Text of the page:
History offers dose of oil-wealth irony

Re: Productive politicking nowhere on horizon, Letters, July 17.

To the Editor

Re: Productive politicking nowhere on horizon, Letters, July 17.

The letter writer suggests that Quebec should separate from Canada so Alberta can stop their equalization payments. These payments he believes are a ‘fiasco’.

But a closer look at history gives us a big dose of irony.

Alberta received equalization payments until 1947, and again from 1957 to 1965. During these times, Alberta was a ‘have-not’ province and received billions of dollars from the rest of Canada.

Wealth comes and goes, and even the wealthiest provinces were once poor, and could easily become poor again.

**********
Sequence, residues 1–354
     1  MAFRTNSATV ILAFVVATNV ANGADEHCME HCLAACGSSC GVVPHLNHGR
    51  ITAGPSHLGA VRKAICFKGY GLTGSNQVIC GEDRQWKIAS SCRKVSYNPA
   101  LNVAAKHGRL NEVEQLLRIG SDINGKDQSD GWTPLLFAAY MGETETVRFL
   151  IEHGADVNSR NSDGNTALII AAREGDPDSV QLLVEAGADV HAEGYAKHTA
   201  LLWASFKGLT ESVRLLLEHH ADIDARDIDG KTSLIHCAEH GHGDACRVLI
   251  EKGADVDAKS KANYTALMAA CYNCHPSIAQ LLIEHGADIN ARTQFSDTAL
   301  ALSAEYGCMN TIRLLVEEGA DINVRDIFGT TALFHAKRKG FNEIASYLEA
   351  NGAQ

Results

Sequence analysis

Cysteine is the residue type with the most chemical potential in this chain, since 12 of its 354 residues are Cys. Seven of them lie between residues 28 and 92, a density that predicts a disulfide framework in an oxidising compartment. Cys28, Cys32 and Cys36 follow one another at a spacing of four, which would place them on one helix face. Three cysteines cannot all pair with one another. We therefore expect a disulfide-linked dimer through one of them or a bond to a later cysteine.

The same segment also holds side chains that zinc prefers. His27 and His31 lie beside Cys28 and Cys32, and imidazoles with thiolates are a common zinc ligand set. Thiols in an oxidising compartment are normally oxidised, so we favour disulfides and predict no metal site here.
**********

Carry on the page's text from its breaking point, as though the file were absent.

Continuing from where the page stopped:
Far from separation being a cure for our equalization ‘fiasco’, separation itself would clearly be the fiasco.

And comparing the separation of Quebec with the dissolution of Czechoslovakia is comparing apples and oranges. For one, Czechoslovakia was part of the former Soviet Union – Canada was not. These are completely different circumstances.

The ‘welfare pot called equalization’ is the deal many others call Confederation. It binds our country together in a mutual agreement of support and partnership. When one province is struggling, the federal government helps out.

As recently as 2009, when oil prices plummeted, Alberta almost became a have-not province. To get through the choppy economic waters it began talks with the federal government for a $220-million loan.

So when Alberta complains about the deal they made at Confederation, let’s not forget that many times throughout history, they too have dipped their hands in the cookie jar.

David Geselbracht